The Mummy has been named the greatest movie ever created in the Arabic world.
To celebrate their tenth anniversary year, thinkers at the Dubai International Film Festival (DIFF) embarked on what has been described as the greatest survey of the region’s cinema ever conducted.
They approached a total of 475 prominent film directors, critics and actors, both from inside outside the Arabic world, and asked them to choose their top ten movies from the region.
The results have been pulled together to compile a comprehensive list of the ‘100 Greatest Arabic Films’.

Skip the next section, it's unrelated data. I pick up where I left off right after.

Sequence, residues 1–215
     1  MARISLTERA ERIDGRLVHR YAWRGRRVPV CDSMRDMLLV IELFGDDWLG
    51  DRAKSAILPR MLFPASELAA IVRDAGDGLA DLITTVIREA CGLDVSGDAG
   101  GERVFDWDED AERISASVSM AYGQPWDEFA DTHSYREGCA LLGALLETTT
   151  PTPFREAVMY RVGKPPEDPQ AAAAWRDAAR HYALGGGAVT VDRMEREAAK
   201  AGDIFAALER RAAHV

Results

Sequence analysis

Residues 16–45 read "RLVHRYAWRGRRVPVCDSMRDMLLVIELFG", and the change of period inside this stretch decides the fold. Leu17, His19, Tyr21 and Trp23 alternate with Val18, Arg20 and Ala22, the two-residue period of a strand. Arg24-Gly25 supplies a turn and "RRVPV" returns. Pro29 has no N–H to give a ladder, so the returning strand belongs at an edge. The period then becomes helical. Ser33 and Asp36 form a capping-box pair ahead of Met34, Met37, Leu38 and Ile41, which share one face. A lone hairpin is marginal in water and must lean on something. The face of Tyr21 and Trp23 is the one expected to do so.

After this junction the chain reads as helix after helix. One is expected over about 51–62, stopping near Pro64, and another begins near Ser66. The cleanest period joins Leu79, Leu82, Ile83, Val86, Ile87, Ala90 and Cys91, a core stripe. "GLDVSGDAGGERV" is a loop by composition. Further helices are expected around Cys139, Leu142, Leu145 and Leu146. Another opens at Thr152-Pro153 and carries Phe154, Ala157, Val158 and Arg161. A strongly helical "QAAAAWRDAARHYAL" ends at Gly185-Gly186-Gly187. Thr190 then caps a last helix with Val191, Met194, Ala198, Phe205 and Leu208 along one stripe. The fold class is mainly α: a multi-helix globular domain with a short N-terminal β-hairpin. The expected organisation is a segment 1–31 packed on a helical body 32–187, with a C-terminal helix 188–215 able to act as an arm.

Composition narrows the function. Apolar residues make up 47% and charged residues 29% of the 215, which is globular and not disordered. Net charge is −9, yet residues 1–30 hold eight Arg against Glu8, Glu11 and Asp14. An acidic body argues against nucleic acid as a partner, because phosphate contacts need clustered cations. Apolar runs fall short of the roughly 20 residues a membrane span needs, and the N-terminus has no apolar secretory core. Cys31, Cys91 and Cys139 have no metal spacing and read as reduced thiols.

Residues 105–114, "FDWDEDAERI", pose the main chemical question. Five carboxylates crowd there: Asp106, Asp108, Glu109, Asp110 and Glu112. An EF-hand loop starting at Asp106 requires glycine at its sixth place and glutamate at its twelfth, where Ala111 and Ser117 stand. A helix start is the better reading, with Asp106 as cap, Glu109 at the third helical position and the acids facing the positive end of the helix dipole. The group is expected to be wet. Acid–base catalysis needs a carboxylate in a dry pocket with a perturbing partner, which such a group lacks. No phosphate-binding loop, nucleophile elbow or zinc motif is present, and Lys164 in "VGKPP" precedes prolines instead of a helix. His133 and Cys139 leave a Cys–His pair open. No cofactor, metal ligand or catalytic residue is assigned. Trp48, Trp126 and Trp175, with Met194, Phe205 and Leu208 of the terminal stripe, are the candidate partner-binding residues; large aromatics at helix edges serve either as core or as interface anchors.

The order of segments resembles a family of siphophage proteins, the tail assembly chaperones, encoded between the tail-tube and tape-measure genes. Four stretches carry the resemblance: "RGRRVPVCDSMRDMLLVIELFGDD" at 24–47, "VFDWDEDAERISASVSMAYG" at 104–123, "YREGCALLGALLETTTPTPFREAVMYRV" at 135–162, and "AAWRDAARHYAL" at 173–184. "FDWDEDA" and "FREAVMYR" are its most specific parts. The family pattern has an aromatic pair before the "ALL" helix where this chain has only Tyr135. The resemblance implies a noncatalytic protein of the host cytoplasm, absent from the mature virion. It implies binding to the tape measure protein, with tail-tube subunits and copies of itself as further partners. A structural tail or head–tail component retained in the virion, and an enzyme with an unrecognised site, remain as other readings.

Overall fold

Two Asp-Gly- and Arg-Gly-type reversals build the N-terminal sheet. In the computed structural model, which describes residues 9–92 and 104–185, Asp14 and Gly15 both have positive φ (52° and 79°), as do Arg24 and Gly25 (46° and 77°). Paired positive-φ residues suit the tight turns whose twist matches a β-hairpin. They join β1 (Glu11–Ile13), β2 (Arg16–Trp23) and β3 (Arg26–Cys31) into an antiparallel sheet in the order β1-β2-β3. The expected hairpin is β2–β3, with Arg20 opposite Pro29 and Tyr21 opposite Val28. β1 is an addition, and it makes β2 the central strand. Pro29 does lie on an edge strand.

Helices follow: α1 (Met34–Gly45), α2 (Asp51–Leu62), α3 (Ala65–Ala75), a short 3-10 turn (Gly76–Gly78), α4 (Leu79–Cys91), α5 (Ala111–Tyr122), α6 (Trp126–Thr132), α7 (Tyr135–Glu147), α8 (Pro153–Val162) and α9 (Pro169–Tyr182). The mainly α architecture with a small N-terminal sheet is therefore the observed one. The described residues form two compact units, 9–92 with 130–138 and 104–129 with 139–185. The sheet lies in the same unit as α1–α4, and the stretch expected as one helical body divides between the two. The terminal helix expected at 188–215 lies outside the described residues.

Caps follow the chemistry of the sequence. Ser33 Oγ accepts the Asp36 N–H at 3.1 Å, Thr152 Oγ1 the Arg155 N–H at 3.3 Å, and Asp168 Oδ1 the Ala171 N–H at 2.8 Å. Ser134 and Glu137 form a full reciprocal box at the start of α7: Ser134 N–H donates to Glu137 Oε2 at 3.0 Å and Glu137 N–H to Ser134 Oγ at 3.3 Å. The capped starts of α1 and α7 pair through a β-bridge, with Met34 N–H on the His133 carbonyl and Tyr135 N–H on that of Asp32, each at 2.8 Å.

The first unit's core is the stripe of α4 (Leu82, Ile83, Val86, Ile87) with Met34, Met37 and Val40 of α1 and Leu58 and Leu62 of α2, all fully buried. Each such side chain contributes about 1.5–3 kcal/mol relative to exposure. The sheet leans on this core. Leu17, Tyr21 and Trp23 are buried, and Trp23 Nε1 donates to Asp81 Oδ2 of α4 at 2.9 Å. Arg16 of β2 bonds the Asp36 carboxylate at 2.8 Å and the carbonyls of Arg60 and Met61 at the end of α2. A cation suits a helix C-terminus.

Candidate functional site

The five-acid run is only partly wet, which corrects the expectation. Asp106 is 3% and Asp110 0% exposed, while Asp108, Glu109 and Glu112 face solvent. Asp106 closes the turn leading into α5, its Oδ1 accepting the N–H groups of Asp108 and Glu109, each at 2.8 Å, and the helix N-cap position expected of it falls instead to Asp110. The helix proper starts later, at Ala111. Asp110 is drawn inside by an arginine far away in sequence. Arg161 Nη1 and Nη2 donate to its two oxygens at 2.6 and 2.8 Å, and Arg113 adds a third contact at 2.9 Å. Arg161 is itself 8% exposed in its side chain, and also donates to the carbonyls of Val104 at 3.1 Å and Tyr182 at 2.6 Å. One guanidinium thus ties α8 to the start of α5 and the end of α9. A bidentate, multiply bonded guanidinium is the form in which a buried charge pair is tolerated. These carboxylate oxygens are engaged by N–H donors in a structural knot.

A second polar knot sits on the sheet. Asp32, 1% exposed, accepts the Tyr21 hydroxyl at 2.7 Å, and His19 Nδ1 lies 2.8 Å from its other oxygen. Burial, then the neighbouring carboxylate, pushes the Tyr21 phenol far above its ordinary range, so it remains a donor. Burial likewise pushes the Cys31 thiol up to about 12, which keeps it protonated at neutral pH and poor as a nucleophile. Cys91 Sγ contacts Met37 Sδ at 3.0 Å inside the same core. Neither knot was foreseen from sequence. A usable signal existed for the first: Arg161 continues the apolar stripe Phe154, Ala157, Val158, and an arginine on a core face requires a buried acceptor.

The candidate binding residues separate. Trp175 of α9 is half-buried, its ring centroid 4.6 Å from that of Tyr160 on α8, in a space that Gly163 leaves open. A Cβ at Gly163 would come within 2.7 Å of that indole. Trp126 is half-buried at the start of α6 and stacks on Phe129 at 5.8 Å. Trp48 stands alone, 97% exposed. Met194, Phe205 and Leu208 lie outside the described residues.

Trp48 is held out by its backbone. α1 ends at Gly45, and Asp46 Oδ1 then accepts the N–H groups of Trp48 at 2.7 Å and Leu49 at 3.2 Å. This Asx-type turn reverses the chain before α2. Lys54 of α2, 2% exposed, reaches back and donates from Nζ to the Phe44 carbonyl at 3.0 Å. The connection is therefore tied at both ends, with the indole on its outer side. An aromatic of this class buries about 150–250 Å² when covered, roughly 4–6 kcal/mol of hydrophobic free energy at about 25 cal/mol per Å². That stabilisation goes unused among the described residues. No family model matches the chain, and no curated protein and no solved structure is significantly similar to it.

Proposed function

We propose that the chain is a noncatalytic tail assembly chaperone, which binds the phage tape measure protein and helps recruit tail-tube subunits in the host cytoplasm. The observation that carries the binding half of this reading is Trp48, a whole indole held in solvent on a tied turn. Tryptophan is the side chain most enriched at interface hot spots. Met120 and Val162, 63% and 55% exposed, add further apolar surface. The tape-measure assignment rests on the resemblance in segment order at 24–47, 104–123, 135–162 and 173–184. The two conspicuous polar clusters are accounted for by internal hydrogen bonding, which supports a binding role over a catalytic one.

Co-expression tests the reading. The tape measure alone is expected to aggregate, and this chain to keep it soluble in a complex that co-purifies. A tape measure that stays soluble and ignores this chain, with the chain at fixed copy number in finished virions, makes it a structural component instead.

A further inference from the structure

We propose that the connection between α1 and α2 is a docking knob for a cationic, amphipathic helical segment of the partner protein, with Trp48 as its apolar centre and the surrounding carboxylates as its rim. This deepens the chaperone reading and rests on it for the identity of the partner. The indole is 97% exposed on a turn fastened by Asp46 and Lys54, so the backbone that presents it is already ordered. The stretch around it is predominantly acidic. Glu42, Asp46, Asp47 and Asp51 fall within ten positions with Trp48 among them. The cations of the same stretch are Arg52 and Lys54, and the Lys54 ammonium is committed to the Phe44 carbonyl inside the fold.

Topping the list is Chadi Abdel Salam’s 1969 classic The Mummy (Al-Mummia), an influential classic which marked the transition of Egypt’s cinema from realism to post realism.
The final list of 100 films was unveiled by on DIFF on November 6 2013, ahead of the tenth edition of the festival, which runs between December 6 and 14.
Also from Egypt, two of Youssef Chahine’s classics, Cairo Station (1958) and The Land (1969), sit at second and fourth place respectively. Meanwhile North Africa is further represented by Mohammed Lakhdar-Hamina’s (1975) film Chronicle of the Years of Fire, which portrays the Algerian struggle for independence, in third place.